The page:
Slang terms for old money
I went into a shop for half a pound of PG Tips. The shop assistant said "that'll be half a dollar". I looked in my pocket and found one bob, two tanners and two joeys. I had just enough.
In the pre-decimal era half a dollar was half a crown, a bob was a shilling, a tanner a sixpence and a joey a threepenny bit.
These are a few of the most common slang terms for pre-decimal coins:
- Coppers - farthing, halfpenny, penny coins
- Joey - 3d or threepence
- Tanner - 6d or sixpence
- Bob - one shilling
- Half a dollar - half a crown
- Dollar - five shillings
Joey for threepence
George Orwell used the term 'Joey' in 'Keep the Aspidistra Flying'. At the beginning of chapter one, Gordon Comstock contemplates his last fivepence halfpenny - one 'Joey', two pennies and a halfpenny.
The original nickname 'Joey' was for a groat, worth fourpence. But since the groat disappeared the name transferred to the silver threepence.
'Joey' is after Tory MP, Joseph Hume. He campaigned for the re-introduction of the groat, because he was tired of London cabbies saying they hadn't change for a sixpence and keeping the change as a tip. Now the customer could give the cabby a groat worth only four pence. The cabbies took their revenge by calling the groat a 'Joey'.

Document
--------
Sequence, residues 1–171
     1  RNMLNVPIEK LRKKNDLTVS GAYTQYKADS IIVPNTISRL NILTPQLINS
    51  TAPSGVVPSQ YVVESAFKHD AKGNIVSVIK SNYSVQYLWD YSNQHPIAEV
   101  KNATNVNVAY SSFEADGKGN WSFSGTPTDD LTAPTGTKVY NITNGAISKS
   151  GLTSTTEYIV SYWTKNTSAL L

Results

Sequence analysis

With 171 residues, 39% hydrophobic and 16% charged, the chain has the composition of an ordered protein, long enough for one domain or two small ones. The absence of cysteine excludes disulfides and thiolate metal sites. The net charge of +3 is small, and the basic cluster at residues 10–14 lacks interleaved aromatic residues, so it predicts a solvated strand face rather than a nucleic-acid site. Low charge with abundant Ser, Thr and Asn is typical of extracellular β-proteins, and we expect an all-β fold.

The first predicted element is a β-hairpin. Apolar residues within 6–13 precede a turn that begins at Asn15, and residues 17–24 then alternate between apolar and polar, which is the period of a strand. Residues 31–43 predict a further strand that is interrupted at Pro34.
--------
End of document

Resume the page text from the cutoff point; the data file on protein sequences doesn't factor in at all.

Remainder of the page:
Bob for shilling
The term bob for shilling goes back to the 1700s, but its origin is unclear.
Tanner for sixpence
The most likely explanation is that it comes from John Sigismund Tanner. He was the engraver at the Royal Mint who designed the sixpence for the reign of George II. Although the first sixpences dates from 1551 in the reign of Edward VI.
Dollar for five shillings
The origin of the term 'dollar' for five shillings goes back to the late 1700s. The Royal Mint had a shortage of silver. To keep enough money in circulation, the UK imported Spanish eight-real pieces (pieces of eight) which were also known as Spanish Dollars. The Mint over stamped them with a portrait of George III and issued them with a value of 4s 9d (their bullion value). The Mint later revalued them to five shillings. Spanish dollars were then over stamped with a new design and called 'Bank of England dollars'.